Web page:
Mike Brey, winningest coach in Notre Dame history, to step down after season

Another of college basketball’s most recognizable faces on the sidelines is preparing to say goodbye.

Mike Brey, the winningest head coach in Notre Dame history, is stepping away from the program at the end of the season, the program announced Thursday.

After 23 seasons in South Bend, the 63-year-old is ready for a new chapter in his life. For more than two decades, Brey has been the face of Notre Dame men’s basketball, and he should be remembered as the man who resurrected the program from a state of irrelevance and turned it into a regular in the Tournament of NCAA. When Brey took over for Matt Doherty in 2000, the Irish were mired in an 11-year Big Dance drought that dated back to the Digger Phelps era in 1990.

Enter Brey, who led the Irish to the NCAA Tournament in each of his first three seasons, including a Sweet 16 trip in 2003.

Brey won at least 20 games in 16 of his 23 seasons in South Bend. He was also a three-time Big East Coach of the Year and National Coach of the Year with a 27-win team in 2011.

His most memorable Irish careers came in 2015 and 2016, when Notre Dame went to back-to-back Elite Eights behind the likes of Jerian Grant, Pat Connaughton, Demetrius Jackson, Zach Auguste, Bonzie Colson & Co.

Before those two runs, the Irish had not advanced this far in the tournament since 1979.

In recent years, Brey’s program has gone downhill. While an epic win over Rutgers in the top four, and a follow-up win over Alabama, produced a round of 16 appearance last season, it’s the only time Notre Dame has made a postseason appearance in the last five years .

The Irish entered this season with some promise and were picked sixth in the ACC preseason poll. An 8-3 start was encouraging, but Notre Dame is 1-7 in ACC play and has suffered another major slump.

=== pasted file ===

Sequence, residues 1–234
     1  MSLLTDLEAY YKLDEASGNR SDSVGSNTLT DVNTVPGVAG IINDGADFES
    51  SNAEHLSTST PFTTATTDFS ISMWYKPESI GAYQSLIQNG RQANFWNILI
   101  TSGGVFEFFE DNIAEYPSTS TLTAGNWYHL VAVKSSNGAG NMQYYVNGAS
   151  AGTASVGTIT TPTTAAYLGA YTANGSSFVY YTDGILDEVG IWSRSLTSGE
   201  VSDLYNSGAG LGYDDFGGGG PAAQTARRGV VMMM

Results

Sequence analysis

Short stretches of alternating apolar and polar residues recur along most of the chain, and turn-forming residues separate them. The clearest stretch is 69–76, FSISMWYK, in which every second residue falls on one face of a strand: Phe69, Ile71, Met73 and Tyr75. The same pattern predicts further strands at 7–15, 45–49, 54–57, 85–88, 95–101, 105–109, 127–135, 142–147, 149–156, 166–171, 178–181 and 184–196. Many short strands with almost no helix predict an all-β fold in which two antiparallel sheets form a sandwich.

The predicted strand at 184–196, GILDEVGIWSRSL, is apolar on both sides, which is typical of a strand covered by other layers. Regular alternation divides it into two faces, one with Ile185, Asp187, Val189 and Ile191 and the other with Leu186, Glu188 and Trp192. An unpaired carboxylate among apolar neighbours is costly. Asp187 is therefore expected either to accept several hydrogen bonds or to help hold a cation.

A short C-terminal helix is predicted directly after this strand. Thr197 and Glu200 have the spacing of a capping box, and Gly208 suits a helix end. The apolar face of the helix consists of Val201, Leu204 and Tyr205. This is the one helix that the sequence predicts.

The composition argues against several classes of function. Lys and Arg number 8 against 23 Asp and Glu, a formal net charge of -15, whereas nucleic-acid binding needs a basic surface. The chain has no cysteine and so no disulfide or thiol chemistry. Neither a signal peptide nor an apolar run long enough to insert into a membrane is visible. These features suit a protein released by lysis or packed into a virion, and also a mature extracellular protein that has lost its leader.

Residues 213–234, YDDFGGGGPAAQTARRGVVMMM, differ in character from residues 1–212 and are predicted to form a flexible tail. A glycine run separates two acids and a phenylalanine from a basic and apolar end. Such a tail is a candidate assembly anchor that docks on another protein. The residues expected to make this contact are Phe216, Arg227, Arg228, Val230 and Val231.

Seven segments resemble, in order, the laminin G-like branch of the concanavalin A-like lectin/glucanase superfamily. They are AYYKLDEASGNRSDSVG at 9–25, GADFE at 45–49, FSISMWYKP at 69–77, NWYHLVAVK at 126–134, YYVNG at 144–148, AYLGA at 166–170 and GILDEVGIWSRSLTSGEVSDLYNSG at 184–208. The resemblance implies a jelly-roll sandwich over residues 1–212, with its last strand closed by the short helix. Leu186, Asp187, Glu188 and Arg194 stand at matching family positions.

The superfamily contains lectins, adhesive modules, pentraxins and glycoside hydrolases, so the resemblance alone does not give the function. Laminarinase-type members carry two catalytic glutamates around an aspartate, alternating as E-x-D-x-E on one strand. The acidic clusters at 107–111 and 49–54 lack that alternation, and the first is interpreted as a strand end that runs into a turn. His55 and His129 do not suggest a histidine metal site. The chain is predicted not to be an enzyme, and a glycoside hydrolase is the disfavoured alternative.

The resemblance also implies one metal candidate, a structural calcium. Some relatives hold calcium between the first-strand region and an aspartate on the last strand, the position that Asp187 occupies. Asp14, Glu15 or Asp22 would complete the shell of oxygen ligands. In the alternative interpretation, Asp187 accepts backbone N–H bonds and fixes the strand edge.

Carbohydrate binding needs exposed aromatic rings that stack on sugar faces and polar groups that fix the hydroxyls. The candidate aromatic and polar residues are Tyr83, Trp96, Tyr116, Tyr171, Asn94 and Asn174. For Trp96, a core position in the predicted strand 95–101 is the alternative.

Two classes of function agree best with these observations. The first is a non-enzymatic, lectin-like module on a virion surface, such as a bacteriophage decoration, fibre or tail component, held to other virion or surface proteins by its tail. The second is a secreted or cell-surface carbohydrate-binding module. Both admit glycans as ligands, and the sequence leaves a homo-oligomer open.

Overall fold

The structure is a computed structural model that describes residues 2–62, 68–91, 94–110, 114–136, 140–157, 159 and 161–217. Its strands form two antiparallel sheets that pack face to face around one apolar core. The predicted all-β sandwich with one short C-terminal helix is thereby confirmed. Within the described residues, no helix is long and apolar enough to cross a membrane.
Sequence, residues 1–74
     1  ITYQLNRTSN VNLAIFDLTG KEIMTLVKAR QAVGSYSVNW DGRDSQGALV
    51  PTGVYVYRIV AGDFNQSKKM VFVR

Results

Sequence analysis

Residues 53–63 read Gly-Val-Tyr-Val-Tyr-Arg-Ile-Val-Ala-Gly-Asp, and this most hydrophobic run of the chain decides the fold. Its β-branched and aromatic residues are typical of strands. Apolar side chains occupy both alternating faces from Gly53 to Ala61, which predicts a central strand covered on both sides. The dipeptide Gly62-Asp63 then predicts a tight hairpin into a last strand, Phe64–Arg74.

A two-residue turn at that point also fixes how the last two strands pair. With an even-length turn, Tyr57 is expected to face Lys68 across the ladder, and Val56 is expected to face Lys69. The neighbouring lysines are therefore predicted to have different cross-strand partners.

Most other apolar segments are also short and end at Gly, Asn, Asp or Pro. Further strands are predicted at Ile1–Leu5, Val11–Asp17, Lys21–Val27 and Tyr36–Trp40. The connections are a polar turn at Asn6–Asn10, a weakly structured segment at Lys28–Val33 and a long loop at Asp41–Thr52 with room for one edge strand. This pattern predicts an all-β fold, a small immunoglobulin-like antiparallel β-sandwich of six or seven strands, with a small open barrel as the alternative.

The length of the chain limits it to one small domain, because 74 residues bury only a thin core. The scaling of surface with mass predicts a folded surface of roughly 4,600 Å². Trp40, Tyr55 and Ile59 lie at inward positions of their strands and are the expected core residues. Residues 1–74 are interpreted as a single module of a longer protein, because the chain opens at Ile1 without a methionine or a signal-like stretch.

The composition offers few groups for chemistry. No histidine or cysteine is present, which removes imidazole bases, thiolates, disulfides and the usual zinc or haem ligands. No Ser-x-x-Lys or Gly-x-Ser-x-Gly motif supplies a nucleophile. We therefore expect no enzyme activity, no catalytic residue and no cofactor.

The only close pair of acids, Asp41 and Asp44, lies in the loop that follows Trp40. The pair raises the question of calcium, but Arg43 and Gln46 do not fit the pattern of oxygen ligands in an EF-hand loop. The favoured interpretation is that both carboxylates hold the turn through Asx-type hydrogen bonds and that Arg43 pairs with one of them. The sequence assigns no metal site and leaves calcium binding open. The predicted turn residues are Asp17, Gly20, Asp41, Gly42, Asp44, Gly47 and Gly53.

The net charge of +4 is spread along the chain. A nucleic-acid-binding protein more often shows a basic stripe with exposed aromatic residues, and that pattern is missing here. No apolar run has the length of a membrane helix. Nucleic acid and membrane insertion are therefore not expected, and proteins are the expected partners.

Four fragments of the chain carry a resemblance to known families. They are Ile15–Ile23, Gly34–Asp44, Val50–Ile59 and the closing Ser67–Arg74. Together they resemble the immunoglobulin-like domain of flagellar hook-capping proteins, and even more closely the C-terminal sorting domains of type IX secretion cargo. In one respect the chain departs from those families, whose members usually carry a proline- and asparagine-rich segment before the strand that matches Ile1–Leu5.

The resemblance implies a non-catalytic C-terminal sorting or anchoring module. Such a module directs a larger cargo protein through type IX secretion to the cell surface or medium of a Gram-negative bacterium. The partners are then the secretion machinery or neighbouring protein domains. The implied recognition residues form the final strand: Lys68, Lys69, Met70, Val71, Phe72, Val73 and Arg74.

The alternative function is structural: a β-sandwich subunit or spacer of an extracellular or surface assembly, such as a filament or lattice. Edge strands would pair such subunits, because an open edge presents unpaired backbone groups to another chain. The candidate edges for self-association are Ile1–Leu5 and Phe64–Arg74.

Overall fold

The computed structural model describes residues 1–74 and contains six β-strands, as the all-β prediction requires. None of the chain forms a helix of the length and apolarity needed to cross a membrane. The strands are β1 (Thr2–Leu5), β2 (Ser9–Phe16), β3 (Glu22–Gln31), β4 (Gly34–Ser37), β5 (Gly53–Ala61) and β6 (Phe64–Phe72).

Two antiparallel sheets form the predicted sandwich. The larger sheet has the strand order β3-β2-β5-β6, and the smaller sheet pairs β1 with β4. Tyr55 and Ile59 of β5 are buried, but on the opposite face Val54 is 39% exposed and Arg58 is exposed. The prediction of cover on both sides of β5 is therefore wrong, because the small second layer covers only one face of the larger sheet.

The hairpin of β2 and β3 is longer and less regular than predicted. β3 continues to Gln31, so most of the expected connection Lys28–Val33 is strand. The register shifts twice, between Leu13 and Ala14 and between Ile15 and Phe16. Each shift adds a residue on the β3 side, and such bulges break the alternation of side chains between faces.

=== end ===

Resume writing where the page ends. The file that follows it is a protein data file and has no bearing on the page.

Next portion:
An 82-74 loss to a lowly Florida State team on Thursday, a game in which the Irish fell behind 32-8 at home, may have sealed the punch for Brey. Afterwards, he went on a long rant about how he felt he didn’t know where to go and said he’s spoiled his players too much.

“We’re going to keep working hard, keep being positive and keep fighting. That’s all we can do,” Brey said after the loss. “We’ll talk more on Thursday and figure out a plan to move forward.”

That plan is for Brey to step away from coaching, and he’s the latest known coach to say goodbye to the stress of college basketball in the ever-changing world of the transfer portal and NIL.

Asking a couple of coaches from around the country about Brey’s impact, here’s what they had to say:

  • “He’s a professional! A coach who gets it! He understands the student-athletes and he understands the mission of college athletics. We don’t have many real ones. Mike Brey has been one of them.”
  • “A great coach, so he never took himself too seriously in a profession that he’s very good at. He had a unique perspective among college basketball coaches who are generally too important. And he thrived because of it.”
  • “I heard him talk to a bunch of coaches one time. They asked him about setting team rules. He said, ‘We have a sign in the Notre Dame locker room that says, ‘Take care of your homework. and basketball, and us.” It will do me good.”

Brey began coaching in college as an assistant to Mike Krzyzewski from 1987 to 1995. In 2019, Krzyzewski had this to say about Brey: “Mike helped develop our program. He was an integral part of us winning back-to-back national championships and going to seven Final Fours in nine years. Mike Brey, Tommy Amaker … Those guys were incredible. .”

As a result, Brey landed a head coaching job, leading Delaware to a pair of NCAA Tournament appearances in three straight 20-win seasons from 1998-2000 before landing the Notre Dame job.

As for where the Irish turn from here, it will be interesting to see what athletic director Jack Swarbrick does. This is the second major opening in college hoops next to Texas, but not on the same level as the Longhorns, who are currently ranked No. 7 in the AP Top 25. The Irish are close to a job in the top 40.

For now, it’s the end of an era that spanned nearly a quarter-century, with far more wins than losses and the program’s winningest coach in Brey.

John Fanta is a national college basketball broadcaster and writer for FOX Sports. He covers sports in a variety of capacities, from calling games on FS1 to serving as lead host on the BIG EAST Digital Network to providing commentary on The Field of 68 Media Network. Follow him on Twitter @John_Fanta.

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